With all the talk of Vancouver’s killer instinct, the referees need to follow their own instincts by calling a fair Game 7. That’s not to say that they didn’t so in the previous six games, but Gillis is smart to shine the spotlight on the referees in this penultimate game, too.

Devils’ Merrill undergoes shoulder surgery, out four months

NEWARK, NJ - JANUARY 04: Jon Merrill #7 of the New Jersey Devils skates against the Detroit Red Wings at the Prudential Center on January 4, 2016 in Newark, New Jersey. The Red Wings defeated the Devils 1-0.  (Photo by Bruce Bennett/Getty Images)
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New Jersey d-man Jon Merrill, who struggled through an injury-riddled campaign, has undergone successful shoulder surgery with an expected recovery time of four months, the club announced on Wednesday.

Merrill, 24, only appeared in 47 games this year, first missing time with an arm injury, then suffering a shoulder ailment late in the year.

There was no clear indication if the two ailments were related, but Merrill’s arm injury was on the right side, and surgery was on his right shoulder.

A former University of Michigan standout taken 38th overall in 2010, Merrill enjoyed solid rookie and sophomore campaigns in New Jersey. His second year was especially solid — 14 points in 66 games, averaging over 20 minutes per night — and he boasts good size, going 6-foot-3, 205 pounds.

Based on the four-month timetable for recovery, Merrill will likely miss parts of New Jersey’s training camp and preseason action.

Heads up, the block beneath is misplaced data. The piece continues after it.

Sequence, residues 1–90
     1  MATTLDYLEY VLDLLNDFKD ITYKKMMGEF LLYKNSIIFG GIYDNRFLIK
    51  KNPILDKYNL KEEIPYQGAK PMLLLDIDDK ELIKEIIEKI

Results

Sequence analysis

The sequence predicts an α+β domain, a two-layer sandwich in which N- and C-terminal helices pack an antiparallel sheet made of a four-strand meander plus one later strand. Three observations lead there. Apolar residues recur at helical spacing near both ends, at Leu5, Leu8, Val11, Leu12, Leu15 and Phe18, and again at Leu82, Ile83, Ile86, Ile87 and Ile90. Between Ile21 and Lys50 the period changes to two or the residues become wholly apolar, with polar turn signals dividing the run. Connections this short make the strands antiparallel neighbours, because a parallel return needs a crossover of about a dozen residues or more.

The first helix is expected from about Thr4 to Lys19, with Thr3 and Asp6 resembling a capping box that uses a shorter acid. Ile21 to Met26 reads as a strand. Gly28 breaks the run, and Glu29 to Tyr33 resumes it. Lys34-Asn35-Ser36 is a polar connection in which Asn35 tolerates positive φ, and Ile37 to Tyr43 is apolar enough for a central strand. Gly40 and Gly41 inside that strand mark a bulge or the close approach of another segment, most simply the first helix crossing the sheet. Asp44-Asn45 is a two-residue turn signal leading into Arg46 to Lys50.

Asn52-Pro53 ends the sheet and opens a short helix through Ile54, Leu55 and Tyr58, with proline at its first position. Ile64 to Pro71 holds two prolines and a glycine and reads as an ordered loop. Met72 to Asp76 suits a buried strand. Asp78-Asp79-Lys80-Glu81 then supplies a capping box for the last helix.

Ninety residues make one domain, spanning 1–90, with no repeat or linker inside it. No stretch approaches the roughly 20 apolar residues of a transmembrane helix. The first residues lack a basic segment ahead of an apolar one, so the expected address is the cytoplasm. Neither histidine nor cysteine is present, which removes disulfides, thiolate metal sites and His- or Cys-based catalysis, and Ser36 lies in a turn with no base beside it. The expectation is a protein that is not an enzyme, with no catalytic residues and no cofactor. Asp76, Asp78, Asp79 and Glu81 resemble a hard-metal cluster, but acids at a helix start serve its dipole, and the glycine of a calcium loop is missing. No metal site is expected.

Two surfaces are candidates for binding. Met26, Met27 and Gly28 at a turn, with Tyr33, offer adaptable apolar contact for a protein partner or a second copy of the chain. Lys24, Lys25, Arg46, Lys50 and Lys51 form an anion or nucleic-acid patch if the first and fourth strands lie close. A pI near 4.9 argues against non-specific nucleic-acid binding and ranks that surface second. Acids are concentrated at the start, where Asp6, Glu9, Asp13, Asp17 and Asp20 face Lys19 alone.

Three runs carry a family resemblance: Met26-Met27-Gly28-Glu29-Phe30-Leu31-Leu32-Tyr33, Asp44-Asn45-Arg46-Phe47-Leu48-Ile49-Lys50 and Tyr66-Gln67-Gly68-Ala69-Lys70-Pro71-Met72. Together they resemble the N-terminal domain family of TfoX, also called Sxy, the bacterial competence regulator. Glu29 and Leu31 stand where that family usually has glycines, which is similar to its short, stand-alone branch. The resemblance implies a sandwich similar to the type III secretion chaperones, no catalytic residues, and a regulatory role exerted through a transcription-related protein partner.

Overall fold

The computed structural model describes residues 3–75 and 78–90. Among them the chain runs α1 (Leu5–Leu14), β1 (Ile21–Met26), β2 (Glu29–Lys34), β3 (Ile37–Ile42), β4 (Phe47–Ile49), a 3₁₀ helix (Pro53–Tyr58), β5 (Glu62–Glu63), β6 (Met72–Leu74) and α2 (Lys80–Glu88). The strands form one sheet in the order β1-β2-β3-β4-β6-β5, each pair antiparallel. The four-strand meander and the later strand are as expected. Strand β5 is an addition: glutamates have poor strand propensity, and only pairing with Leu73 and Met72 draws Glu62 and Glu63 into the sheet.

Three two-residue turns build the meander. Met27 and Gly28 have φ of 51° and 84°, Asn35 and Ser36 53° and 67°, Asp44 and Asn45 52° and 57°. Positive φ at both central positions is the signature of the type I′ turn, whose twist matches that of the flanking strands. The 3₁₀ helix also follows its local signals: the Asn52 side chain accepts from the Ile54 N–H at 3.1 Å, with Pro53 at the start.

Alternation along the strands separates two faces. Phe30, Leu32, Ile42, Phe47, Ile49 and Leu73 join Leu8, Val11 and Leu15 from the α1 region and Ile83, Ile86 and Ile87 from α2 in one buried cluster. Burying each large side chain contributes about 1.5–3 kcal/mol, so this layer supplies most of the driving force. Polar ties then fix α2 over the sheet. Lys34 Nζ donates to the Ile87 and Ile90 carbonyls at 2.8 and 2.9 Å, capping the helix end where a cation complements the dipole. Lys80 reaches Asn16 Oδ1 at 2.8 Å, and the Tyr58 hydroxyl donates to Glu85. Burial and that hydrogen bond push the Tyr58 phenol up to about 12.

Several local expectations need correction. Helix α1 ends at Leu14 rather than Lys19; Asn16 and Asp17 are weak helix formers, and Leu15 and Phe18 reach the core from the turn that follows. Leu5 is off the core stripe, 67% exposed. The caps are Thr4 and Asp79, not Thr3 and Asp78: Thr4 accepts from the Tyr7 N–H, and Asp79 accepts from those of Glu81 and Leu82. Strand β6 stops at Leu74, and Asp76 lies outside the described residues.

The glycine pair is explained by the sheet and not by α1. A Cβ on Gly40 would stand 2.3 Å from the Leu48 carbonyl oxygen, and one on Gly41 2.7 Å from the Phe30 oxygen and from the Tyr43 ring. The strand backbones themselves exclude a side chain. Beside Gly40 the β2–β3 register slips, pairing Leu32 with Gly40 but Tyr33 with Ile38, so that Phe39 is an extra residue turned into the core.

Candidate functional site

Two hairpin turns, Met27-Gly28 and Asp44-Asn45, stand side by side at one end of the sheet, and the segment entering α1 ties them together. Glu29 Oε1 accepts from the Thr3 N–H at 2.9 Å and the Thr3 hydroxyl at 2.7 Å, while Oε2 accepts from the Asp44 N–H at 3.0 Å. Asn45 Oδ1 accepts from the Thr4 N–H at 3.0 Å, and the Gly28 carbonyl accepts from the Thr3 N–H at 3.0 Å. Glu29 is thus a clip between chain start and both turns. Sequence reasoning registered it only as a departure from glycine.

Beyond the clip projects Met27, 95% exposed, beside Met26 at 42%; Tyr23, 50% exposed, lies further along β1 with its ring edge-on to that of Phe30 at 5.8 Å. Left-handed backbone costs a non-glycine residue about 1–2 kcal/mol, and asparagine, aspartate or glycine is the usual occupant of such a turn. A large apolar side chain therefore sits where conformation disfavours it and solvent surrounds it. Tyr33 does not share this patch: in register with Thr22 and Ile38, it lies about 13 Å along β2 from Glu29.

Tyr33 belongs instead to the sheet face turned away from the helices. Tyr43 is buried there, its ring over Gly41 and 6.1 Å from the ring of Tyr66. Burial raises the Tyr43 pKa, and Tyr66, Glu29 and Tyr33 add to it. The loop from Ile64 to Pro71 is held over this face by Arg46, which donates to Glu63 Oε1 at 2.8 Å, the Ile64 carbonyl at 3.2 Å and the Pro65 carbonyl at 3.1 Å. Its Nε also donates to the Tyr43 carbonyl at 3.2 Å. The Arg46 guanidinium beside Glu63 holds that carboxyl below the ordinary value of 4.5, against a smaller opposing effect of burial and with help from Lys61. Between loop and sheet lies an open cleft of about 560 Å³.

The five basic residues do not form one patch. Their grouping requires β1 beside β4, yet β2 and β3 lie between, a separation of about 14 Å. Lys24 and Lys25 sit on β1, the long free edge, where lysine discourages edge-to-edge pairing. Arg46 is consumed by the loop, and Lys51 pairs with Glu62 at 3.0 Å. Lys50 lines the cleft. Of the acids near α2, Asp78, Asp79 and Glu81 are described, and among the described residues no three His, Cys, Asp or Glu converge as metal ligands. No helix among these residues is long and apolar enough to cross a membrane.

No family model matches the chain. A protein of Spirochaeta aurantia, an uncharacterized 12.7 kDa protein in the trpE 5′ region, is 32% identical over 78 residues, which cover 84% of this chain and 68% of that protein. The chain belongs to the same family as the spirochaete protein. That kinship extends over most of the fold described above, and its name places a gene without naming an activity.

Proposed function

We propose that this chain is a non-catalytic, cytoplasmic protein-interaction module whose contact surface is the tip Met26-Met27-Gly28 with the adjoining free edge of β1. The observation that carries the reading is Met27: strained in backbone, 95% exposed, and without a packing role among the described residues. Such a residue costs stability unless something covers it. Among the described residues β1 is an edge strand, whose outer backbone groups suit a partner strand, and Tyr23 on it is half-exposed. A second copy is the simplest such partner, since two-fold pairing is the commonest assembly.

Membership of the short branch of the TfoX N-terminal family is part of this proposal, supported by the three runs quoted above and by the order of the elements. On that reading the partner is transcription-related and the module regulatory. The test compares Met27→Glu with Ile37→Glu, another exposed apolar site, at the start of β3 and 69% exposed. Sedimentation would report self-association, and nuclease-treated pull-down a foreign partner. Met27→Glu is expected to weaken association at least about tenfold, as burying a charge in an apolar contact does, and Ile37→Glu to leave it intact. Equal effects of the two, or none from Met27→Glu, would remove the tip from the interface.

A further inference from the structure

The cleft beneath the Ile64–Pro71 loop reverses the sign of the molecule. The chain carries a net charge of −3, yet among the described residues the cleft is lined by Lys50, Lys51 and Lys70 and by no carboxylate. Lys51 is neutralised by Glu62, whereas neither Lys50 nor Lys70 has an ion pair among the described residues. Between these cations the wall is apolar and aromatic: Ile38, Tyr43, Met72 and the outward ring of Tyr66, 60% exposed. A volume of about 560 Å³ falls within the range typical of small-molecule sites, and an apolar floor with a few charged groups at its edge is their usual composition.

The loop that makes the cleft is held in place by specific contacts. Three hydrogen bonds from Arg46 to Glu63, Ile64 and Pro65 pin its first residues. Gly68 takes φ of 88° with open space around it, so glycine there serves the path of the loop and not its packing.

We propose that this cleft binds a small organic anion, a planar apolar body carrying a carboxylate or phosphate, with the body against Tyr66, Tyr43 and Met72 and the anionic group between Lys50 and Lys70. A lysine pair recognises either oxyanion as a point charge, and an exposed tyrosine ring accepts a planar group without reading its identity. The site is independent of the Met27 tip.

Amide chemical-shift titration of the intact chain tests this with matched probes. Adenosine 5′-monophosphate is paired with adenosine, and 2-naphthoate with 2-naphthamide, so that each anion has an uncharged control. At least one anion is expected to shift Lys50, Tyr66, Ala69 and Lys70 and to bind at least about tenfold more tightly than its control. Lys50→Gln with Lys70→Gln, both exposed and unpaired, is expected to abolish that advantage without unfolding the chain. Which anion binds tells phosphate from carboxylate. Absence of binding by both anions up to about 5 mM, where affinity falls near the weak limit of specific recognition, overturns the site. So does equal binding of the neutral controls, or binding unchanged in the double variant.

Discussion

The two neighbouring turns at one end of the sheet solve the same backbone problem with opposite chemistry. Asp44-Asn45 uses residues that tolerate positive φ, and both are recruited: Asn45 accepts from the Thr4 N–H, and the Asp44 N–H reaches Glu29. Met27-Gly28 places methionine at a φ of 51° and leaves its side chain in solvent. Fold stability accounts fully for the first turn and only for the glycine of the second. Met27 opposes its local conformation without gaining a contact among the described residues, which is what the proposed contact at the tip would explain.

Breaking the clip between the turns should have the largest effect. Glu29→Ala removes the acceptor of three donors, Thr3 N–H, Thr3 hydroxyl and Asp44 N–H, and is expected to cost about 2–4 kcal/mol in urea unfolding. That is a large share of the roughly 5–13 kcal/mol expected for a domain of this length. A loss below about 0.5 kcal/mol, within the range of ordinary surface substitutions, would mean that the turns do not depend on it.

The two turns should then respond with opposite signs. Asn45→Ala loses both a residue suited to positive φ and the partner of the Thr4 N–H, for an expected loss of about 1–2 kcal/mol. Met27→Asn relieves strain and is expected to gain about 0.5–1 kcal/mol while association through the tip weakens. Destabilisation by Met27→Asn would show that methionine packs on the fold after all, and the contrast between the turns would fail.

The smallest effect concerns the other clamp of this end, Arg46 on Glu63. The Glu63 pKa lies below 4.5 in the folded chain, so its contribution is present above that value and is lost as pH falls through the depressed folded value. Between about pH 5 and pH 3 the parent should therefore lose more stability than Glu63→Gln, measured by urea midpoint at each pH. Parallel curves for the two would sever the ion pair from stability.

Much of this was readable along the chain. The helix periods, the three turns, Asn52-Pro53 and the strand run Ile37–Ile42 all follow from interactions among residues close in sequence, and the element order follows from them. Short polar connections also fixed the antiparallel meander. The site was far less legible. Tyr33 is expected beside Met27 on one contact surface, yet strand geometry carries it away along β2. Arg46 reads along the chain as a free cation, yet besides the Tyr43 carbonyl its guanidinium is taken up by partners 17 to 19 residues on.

Max Talbot mulling European options for next season

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After a 10-year career with over 700 games played and one Stanley Cup, Maxime Talbot could be done in the NHL.

Per RDS, Talbot — who’ll hit unrestricted free agency on July 1 — has “some options in Europe” for next season, and is contemplating a move overseas.

In his prime, Talbot was a gritty, hardworking forward with decent touch around the net. He scored double-digit goals four times, including a career-high 19 in ’11-12.

The 32-year-old split last season between Boston and its AHL affiliate in Providence, scoring seven points in 38 games at the NHL level.

Talbot did acquit himself very well with the P-Bruins — 21 points in 26 games — and has some experience playing abroad, having suited up for Finnish League club Ilves Tampere during the lockout.

Based on how things went last year in free agency, it wouldn’t be surprising to see Talbot land in Europe.

The likes of Maxim Lapierre, Curtis Glencross and Marcel Goc all failed to score NHL contracts last summer — Lapierre and Goc proceeded to sign overseas, while Glencross opted to retire.